7: Going Home - Child Voice | Me, Mommy and my sister are in Sri Lanka. My sister’s name is Jeruby. We have to go home tomorrow. I have to wake up early and go on an airplane. We have a lot of fun here. We went to the zoo. I played with toys and my sister. Grandpa gave us cashew nuts and Grandma gives us milk. It is very hot. I like it here a lot. There was a big rat I wanted to play with, but Mommy and Christy Aunty didn’t let me. My favourite aunts are Isabelle Aunty and Julie Aunty. They are really nice and pretty. Today Mommy packed our bags. A lot of people came to say goodbye. I don’t wanna to go home. I want to stay here with Grandpa and Grandma and Isabelle Aunty and Christy Aunty and Reggie Uncle. I’m gonna miss them a lot. I don’t wanna start school. I want to live here. Daddy can come live here too. Then me, Mommy, Jeruby and Daddy can go to the zoo and play on the beach. And see elephants. I don’t wanna leave. Maybe if I cry we can stay. Everyone’s crowding around me. Julie Aunty gives me a bouncy ball, and says that we will come back soon. Why isn’t Jeruby crying? She’s just looking at me. If we both cry maybe Mommy will change her mind! | Sri Lanka Visited in 2000
8: When I look at this picture, the first thing that pops out at me is the expression on my face. I think it’s hilarious, because I know exactly what is going through my mind at that moment. There were two Velcro flaps on that jacket that wrapped around your face to protect your neck from the cold. They also served the purpose of ensuring the hood didn’t fall off in windy weather. Well, my mother fastened the two flaps so tightly that day that I could barely breathe. The flaps were also covering my mouth, which was very uncomfortable. | Chin Flaps - Reflective Voice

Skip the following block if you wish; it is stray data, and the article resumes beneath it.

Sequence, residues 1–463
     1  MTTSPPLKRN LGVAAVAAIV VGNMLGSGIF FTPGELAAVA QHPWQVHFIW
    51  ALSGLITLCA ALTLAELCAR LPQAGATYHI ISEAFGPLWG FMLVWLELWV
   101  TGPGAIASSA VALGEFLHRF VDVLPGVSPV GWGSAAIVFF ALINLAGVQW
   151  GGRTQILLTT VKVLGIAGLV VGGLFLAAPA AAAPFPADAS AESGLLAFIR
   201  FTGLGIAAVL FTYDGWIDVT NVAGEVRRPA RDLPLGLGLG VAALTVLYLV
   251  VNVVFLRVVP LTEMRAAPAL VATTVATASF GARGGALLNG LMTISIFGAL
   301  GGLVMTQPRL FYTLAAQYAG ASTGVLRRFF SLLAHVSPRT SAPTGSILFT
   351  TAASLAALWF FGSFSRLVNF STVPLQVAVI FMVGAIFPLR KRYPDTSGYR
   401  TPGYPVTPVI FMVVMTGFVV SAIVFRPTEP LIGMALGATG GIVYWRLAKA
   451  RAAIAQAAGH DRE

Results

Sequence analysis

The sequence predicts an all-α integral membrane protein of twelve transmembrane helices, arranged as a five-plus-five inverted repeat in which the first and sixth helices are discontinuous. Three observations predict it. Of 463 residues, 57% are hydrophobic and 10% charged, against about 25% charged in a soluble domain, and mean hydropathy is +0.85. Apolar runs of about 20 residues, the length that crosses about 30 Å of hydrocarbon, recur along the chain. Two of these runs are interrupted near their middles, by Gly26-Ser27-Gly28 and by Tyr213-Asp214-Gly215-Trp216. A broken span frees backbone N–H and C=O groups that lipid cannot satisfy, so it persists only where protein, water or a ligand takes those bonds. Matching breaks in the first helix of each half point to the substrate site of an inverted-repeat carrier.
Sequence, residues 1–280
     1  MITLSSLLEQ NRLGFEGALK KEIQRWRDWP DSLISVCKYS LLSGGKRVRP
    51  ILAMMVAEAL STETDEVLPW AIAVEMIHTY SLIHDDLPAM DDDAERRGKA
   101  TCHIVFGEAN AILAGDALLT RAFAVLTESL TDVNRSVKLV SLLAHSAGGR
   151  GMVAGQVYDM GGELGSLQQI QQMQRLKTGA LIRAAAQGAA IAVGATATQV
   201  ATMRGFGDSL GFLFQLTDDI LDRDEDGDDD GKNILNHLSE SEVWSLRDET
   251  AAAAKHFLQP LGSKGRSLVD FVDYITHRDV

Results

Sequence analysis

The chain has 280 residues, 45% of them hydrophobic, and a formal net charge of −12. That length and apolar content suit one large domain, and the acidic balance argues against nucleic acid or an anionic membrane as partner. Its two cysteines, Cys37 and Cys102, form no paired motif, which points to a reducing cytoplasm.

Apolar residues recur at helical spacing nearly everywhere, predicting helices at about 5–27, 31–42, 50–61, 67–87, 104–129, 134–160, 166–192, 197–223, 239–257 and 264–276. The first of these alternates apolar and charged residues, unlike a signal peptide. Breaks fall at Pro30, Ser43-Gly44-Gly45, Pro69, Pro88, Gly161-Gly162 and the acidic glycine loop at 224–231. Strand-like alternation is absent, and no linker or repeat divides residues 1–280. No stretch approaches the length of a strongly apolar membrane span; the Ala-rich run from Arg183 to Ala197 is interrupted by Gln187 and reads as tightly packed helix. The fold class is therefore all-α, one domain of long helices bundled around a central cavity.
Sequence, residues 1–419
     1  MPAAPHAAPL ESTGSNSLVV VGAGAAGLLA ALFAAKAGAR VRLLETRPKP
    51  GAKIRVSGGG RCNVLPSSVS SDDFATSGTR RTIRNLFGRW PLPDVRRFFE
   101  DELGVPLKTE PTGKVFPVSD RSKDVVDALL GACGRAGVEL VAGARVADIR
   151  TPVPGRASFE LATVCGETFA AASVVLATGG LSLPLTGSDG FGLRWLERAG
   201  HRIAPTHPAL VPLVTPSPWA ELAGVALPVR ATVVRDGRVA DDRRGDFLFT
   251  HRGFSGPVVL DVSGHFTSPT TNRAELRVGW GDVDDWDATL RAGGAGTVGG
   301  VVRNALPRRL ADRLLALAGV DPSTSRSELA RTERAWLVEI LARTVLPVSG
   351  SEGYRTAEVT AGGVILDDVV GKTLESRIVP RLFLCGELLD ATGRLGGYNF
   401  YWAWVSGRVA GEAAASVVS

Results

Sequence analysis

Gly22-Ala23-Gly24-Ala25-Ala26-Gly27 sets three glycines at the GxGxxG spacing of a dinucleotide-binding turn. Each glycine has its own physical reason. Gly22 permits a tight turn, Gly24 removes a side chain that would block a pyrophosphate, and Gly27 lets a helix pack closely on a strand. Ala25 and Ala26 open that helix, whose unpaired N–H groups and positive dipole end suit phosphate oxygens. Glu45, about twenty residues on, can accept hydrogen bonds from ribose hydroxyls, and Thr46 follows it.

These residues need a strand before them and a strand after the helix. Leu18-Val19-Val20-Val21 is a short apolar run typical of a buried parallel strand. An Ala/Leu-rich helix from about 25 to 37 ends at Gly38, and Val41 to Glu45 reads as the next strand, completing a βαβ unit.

9: I left Thorncliff Park after one year. | After I was finished with the coat my sister wore it. | I’m sure that my mom snapped this photo just as I was trying to get my mouth up over the hood so I could smile. Now, it looks like I’m thinking, “Ugh, what is this dumb thing in my way?" It’s also hilarious because that jacket was two sizes too big for me. My mother only got it after being prodded by my kindergarten teacher, Miss. Caskanet, to do so. Before that I never had a true winter jacket, except for the adorable snowsuit my little sister Jeruby is wearing beside me. My mom, being the thrifty woman she was, got me the sturdiest, yet least expensive jacket that would last me until third grade. At first sight I liked it, especially the silly polar bears partaking in winter activities that were covering the outside. Then I experienced the wrath of the Chin-Flaps, and I also couldn’t stand how puffy and unfashionable the coat was. Especially compared to the slim, pretty winter coats that other girls in my class had. Of course, my mom and Miss. Caskanet deemed it necessary for me to have snow pants as well. So, there I was: a four year old puff monster, with a flimsy pink Hello Kitty backpack cutting into my enormous sleeve. At least I had warm boots, which is less than I can say for my sister.